Tag Archives: Wall Street Journal

WSJ Says CIA Chief Wouldn’t Do Anything ‘Inappropriate’—Despite Record of Torture and Coverup, by Joshua Cho

Sometimes you wonder if the Wall Street Journal doesn’t just take dictation from the CIA. From Joshua Cho at fair.org:

Depiction of Gina Haspel in Wall Street Journal

A Wall Street Journal report (5/25/19) by Warren Strobel whitewashed CIA Director Gina Haspel’s career and put a positive spin on the CIA’s insulation from public accountability with its turn towards its greatest opacity “in decades.”

While one might expect CIA officials to support greater secrecy around the organization, it’s odd that ostensibly independent journalists—with a mission to hold official organizations accountable by informing the public—would treat less information coming from the agency as a positive development.

WSJ: Under CIA Chief Gina Haspel, an Intelligence Service Returns to the Shadows

The Wall Street Journal (5/25/19) says “returns to the shadows” like that’s a good thing.

Yet that’s exactly what the Journal report did, depicting Haspel’s strategy of avoiding backlash from the Trump administration by not publicly contradicting its dubious claims as “protecting the agency” from “the domestic threat of a toxic US political culture.”

“She and her agency have adopted their lowest public profile in decades,” Strobel writes—just before summing her up as a “CIA director who has been warmly received by the workforce she has spent her life among.”

In other words, for the Journal, a public intelligence agency sharing its intelligence with the public is a bad thing, unless it supports US foreign policy by agreeing with whatever the Trump administration is saying. This position is echoed in the piece by official sources, like former CIA official and staff director of the House Intelligence Committee Mark Lowenthal, who assures us, “It’s not going to be any good for her [Haspel] to be out there attracting lightning bolts.”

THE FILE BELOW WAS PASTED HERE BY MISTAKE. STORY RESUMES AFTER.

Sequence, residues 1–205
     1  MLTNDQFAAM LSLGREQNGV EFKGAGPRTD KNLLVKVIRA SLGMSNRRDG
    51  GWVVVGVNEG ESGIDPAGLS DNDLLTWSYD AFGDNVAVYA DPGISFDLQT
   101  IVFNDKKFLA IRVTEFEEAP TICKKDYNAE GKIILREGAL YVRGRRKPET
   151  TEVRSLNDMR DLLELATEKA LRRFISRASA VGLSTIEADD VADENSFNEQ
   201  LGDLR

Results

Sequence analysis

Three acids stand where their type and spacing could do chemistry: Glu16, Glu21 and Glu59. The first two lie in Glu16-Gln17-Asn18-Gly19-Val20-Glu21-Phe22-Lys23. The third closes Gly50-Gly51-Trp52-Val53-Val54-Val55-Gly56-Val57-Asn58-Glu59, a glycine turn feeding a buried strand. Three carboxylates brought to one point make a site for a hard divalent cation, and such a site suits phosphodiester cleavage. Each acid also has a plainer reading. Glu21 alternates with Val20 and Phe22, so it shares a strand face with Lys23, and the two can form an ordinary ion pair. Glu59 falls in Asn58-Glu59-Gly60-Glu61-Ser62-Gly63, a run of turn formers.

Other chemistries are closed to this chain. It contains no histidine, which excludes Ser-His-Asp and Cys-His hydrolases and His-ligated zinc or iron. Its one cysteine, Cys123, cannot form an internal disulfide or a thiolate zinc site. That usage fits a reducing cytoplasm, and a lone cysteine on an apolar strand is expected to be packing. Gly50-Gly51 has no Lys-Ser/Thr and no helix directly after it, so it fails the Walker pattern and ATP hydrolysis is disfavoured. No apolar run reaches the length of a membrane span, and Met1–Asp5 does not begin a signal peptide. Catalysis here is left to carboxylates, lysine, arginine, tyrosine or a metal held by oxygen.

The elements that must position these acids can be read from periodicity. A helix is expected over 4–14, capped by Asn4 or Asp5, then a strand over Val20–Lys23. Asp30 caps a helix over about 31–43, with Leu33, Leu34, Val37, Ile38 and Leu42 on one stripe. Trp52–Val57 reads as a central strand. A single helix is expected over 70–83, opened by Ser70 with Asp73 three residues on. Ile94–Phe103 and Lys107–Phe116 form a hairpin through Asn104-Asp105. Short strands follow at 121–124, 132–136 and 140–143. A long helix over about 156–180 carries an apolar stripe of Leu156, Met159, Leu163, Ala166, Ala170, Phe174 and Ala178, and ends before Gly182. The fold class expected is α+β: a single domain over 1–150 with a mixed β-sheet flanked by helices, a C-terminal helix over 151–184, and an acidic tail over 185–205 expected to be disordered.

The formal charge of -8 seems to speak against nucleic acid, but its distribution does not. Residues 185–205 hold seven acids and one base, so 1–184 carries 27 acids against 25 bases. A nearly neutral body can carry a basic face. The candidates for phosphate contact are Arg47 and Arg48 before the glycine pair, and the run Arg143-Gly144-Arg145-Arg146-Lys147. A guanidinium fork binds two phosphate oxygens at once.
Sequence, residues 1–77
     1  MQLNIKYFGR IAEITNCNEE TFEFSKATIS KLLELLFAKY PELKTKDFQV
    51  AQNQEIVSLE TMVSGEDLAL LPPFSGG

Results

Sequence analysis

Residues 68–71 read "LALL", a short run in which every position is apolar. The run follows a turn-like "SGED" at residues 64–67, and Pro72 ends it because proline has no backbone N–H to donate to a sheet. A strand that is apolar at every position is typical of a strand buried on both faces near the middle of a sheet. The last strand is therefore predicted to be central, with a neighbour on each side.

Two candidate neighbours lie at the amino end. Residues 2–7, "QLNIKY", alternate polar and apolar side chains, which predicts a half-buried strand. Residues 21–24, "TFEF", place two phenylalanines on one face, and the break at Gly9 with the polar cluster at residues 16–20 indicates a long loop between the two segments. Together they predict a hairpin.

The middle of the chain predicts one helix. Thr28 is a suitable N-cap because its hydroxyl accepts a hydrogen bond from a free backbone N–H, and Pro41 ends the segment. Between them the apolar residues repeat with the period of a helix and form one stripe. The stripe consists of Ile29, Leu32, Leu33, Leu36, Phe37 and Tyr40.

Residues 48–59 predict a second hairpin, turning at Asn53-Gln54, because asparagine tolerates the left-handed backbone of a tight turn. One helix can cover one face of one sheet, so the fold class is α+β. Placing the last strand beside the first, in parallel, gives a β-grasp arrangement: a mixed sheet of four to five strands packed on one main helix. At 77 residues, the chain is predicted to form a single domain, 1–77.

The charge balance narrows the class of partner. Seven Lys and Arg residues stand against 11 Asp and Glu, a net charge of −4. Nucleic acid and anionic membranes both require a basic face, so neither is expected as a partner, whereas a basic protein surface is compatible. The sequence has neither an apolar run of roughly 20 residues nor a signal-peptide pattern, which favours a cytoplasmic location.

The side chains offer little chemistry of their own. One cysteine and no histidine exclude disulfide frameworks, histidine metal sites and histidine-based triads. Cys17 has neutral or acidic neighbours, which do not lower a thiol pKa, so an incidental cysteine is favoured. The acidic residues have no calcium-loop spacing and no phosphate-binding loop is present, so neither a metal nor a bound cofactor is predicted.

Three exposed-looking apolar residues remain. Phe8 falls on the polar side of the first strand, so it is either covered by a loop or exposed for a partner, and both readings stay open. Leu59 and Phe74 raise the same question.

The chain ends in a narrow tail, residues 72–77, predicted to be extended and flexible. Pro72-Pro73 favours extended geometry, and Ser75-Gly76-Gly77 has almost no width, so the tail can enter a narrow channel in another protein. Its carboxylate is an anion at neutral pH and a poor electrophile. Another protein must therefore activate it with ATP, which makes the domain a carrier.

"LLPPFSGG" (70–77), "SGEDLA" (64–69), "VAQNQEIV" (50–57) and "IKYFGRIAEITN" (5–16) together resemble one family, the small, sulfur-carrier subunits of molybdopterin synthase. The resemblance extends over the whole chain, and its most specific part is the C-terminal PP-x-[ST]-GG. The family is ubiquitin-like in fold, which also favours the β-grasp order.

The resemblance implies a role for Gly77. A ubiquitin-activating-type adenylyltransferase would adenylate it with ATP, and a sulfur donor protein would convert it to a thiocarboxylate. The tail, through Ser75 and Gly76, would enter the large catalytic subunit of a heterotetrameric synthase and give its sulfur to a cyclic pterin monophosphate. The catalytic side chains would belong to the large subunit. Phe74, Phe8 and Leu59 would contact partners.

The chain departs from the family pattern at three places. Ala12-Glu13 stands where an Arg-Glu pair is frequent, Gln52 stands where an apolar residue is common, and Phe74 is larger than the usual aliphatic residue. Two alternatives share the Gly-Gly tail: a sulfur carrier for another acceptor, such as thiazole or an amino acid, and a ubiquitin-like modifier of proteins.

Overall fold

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“The Stakes Here Go Beyond Trump’s Future” WSJ Editors Demand Truth About FBI Spying, from Zero Hedge

The Wall Street Journal is asking awkward questions and making troublesome demands. From the Journal via zerohedge.com:

Amid all the liberal media’s meltdown over President Trump’s “interference” in the ‘investigation’ by “hereby demanding” that potential crimes by Obama’s FBI be investigated – and The Deep State’s insistence that any exposure of the already-leaked name of the Trump campaign spy would damage national security – The Wall Street Journal refuses to back off its intense pressure to get to the truth.

President Trump dropped a three-tweet quote this morning…

John Brennan is panicking. He has disgraced himself, he has disgraced the Country, he has disgraced the entire Intelligence Community. He is the one man who is largely responsible for the destruction of American’s faith in the Intelligence Community and in some people at the…

…top of the FBI. Brennan started this entire debacle about President Trump. We now know that Brennan had detailed knowledge of the (phony) Dossier…he knows about the Dossier, he denies knowledge of the Dossier, he briefs the Gang of 8 on the Hill about the Dossier, which…